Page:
The "FMHR" traders provide their outlook for bonds in 2015. Sarat Sethi, Douglas C. Lane & Associates, explains why he would not short bonds in the coming year.» Read More
U.S. Treasury debt prices rose Monday, supported by more evidence of a weak U.S. housing market and lingering concerns about liquidity in credit markets.
European stocks closed mixed in the afternoon session Monday, after European Central Bank President Jean-Claude Trichet kept the options open for euro-zone rate moves ahead of an ECB monetary policy meeting next week.
Stocks futures are meandering on both sides of the unchanged mark after stronger-than-expected durable goods orders and investors now await new home sales data due at 10 am New York time.
The hot topic on the Street is the probability of a recession. Robert Albertson, chief strategist at Sandler O'Neill, and this morning Angelo Mozillo, CEO of Countrywide both voiced fears that a recession was coming. Opinions are sharply divided on this. David Bianco, UBS' Equity Strategist, said earlier this month that the S&P seems to be signaling a "financial sector recession" (i.e. that a recession is expected to mostly affect financial sector profits).
Stoked by positive developments on the credit and mortgage front, stocks are building on yesterday's gains and look ready to spring higher on the open.
Wall Street prepares for lift off on the opening amid calmer credit markets, higher world stock markets and some merger news. European stock markets are comfortably higher, and Asia closed higher though Japan stocks were flat on the rising yen.
Struggling subprime mortgage lender Accredited Home Lenders Holding on Tuesday said it agreed to sell $1 billion of home loans to an unnamed investor, a move it said would limit its exposure to margin calls.
Stock traders will be looking over their shoulders at the credit markets as a furious flight to quality into Treasuries keeps the pressure on stocks prices. For now, stock futures are higher and look set for a firmer opening.
Wall Street is set for a higher open after world stock markets rebounded in a Fed-inspired relief rally. Tokyo stocks were up 3%, the biggest gain in more than a year, in its first trading day since the Fed move. European stock markets, up sharply Friday, continue to rise this morning.
A bruising selloff in world stock markets is about to extract more pain on Wall Street, where stock index futures are pointing to a sharply lower opening.
Wall Street is bracing for a weaker opening, joining a sell off in stock markets around the world. Europe's major markets were lower after a selling spree across Asian markets, sparked by credit fears.
Stocks start the week on firmer ground after central bankers once again pumped cash into the markets, injecting confidence and liquidity. Stock markets around the globe gained, and U.S. stock futures are higher.
Wall Street is bracing for a sharply lower open as fears of a global liquidity crisis pound stock markets worldwide. Central banks around the globe stepped in to inject funds into the banking system and pump confidence back into markets, wary of the continued ripple effect of the U.S. subprime mortgage fallout.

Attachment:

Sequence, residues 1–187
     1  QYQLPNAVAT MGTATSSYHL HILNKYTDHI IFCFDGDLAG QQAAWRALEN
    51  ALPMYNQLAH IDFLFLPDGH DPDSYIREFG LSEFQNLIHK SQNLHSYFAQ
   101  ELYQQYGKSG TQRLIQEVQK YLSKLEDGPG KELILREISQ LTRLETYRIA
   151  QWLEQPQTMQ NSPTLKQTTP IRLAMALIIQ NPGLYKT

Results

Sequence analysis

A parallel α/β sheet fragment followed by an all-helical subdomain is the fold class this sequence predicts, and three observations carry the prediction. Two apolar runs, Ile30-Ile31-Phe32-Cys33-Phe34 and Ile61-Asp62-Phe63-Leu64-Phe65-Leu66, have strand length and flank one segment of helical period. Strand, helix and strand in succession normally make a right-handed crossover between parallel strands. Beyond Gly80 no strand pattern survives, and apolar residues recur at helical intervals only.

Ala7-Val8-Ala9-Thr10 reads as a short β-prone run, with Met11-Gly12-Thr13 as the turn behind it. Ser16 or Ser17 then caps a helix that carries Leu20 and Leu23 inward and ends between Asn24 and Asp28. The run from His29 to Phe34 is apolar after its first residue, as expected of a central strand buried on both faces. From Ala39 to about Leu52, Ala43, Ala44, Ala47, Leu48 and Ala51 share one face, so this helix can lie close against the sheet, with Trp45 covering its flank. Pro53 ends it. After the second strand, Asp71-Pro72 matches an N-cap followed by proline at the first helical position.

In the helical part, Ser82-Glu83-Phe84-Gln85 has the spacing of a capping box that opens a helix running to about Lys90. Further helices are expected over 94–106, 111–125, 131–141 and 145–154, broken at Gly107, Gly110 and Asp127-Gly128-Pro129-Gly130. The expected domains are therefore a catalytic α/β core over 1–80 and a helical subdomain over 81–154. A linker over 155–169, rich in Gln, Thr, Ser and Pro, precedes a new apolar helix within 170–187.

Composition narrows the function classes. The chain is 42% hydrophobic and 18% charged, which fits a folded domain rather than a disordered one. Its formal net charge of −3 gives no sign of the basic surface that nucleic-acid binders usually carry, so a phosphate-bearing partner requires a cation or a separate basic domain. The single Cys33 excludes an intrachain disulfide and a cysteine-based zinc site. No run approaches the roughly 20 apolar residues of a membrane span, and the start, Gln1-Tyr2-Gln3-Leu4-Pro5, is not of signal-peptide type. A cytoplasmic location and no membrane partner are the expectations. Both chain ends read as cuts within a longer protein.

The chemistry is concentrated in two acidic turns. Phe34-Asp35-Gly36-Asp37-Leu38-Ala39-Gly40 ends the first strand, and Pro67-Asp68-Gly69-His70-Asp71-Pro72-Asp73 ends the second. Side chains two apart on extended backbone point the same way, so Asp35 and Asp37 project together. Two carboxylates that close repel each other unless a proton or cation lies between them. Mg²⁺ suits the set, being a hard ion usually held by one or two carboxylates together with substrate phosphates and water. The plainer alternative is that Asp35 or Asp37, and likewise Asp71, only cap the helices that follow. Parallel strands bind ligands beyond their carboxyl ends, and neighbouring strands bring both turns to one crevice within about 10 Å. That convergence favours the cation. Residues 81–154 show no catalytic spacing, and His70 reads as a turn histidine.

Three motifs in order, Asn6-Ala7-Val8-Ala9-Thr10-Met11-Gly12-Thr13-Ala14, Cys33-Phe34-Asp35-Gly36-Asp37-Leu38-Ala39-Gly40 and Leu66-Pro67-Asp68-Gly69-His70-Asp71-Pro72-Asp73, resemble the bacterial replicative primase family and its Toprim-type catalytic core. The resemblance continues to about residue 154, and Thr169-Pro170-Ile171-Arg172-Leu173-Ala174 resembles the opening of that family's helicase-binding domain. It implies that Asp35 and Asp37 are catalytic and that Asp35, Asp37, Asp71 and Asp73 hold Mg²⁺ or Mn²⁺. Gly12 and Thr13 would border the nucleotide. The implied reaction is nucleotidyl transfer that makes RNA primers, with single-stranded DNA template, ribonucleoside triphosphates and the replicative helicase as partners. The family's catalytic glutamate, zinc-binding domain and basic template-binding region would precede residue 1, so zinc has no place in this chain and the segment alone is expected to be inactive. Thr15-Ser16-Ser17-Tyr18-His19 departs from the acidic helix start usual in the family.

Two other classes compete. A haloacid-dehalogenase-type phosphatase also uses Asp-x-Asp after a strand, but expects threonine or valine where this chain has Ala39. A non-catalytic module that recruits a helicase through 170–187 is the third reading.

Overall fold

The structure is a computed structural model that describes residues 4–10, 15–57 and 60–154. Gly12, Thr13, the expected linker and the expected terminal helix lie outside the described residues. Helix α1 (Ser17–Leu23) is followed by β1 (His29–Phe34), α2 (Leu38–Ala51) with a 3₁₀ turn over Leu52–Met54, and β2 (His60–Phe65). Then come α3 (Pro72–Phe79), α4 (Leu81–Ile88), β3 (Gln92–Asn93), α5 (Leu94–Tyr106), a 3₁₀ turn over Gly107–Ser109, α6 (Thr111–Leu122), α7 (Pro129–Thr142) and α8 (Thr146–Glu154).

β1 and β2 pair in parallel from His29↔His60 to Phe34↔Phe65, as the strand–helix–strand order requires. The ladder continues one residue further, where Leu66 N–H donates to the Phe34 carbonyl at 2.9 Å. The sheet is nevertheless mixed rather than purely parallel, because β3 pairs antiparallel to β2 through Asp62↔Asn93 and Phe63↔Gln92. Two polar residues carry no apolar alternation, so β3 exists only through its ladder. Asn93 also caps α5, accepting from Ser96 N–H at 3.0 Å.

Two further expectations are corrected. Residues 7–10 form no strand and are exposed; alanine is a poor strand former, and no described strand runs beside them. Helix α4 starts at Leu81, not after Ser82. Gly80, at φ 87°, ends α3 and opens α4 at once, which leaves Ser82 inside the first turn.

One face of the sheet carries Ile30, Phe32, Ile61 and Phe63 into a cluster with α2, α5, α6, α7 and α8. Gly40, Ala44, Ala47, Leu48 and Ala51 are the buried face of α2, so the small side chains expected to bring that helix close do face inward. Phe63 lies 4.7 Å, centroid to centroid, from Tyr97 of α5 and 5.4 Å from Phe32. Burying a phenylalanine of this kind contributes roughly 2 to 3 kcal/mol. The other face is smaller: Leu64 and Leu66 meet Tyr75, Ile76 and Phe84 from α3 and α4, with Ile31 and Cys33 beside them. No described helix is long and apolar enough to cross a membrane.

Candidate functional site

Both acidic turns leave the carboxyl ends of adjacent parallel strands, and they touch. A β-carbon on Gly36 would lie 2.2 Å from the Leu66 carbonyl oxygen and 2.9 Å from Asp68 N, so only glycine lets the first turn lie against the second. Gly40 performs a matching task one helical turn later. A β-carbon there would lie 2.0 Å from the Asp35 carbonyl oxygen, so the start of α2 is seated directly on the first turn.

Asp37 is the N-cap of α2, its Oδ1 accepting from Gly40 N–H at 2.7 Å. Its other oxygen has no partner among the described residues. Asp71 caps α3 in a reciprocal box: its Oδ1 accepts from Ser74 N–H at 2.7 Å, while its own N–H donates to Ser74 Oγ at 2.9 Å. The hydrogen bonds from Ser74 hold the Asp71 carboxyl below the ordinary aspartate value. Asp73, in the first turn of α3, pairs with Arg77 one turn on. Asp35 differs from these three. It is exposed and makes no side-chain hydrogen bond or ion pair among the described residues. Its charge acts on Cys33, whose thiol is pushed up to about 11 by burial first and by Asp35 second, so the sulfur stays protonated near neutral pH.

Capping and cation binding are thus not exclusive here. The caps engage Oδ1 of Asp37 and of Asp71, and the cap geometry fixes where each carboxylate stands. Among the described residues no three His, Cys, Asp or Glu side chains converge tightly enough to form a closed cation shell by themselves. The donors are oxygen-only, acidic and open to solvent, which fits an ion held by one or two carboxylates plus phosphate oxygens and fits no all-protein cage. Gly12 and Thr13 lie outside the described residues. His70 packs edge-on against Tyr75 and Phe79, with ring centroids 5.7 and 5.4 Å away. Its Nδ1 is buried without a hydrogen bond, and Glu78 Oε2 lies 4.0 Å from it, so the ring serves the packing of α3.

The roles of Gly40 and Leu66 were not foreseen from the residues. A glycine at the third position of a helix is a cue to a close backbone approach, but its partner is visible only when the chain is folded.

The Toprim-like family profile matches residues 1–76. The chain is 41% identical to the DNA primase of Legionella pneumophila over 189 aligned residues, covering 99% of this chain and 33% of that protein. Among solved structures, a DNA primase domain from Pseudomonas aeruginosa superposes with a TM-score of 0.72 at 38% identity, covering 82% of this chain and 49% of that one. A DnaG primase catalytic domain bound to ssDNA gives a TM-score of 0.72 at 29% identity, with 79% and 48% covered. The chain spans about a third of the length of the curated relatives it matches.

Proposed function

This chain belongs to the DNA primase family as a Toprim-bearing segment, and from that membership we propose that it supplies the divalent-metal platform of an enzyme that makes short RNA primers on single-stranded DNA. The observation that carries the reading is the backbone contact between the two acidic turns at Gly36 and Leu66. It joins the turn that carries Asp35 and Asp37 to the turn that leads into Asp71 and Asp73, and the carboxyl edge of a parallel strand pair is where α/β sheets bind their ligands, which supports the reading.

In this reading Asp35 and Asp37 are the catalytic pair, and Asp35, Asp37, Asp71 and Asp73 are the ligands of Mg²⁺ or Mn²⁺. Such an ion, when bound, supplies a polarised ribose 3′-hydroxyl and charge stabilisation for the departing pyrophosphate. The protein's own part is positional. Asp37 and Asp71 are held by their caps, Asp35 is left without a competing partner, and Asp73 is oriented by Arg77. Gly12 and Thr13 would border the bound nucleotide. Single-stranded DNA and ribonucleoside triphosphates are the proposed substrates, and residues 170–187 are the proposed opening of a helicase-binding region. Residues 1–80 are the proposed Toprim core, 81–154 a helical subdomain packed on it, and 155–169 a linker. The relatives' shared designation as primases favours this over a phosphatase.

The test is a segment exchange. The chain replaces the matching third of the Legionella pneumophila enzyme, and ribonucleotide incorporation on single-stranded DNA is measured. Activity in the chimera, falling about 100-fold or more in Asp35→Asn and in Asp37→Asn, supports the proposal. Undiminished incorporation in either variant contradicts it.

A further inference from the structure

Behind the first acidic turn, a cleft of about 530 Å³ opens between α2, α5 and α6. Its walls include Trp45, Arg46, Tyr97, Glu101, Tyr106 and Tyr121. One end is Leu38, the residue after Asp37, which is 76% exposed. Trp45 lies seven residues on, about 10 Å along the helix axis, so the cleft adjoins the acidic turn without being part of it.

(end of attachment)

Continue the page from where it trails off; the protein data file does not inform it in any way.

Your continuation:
The revelation that a unit of French bank BNP Paribas temporarily suspended three of its funds injected new fear into the markets, driving global stock sharply lower and casting a fresh chill across credit markets. The market fallout from BNP has reignited market speculation that the Fed will move to cut rates sooner, rather than later.
The Fed's comments yesterday calmed some of the credit angst in the markets and set the stage for a move higher in global equities. U.S. stocks are positioned to trade higher this morning, and Cisco's strong earnings news is adding some punch to the Nasdaq.
It’s the end of easy credit. And that's made things difficult both for investors and would-be homeowners. CNBC talked to the experts on Tuesday on how best to survive the credit crunch. Here are some of their suggestions.
The Bernanke Fed is being put to its first big test as Fed watchers monitor its handling of the credit drama when it releases its statement at 2:15 p.m. The Fed's one day meeting is not expected to end with any adjustment in rates, but traders are hoping for a tweaking of the Fed statement with language that will soothe some of the anxiety about mortgage and credit markets.
Stocks are finding their feet on higher ground this morning as a positive tone embraces equities markets worldwide. Oil continues to back down from the new high struck earlier this week.
U.S. stocks futures are slightly firmer ahead of the opening in a market still cranky about credit worries and pondering the Fed's next move. European stock markets are mixed after trading lower this morning, and Asian stocks were lower overnight.
We are preoccupied with the death of the five-year equity bull market. Is this it? Are we witnessing one of those major trend turning points that are profitable for the brave and painful for the meek? Owning the market has worked -- but just as the bears capitulate there is a reminder of why they have been bearish.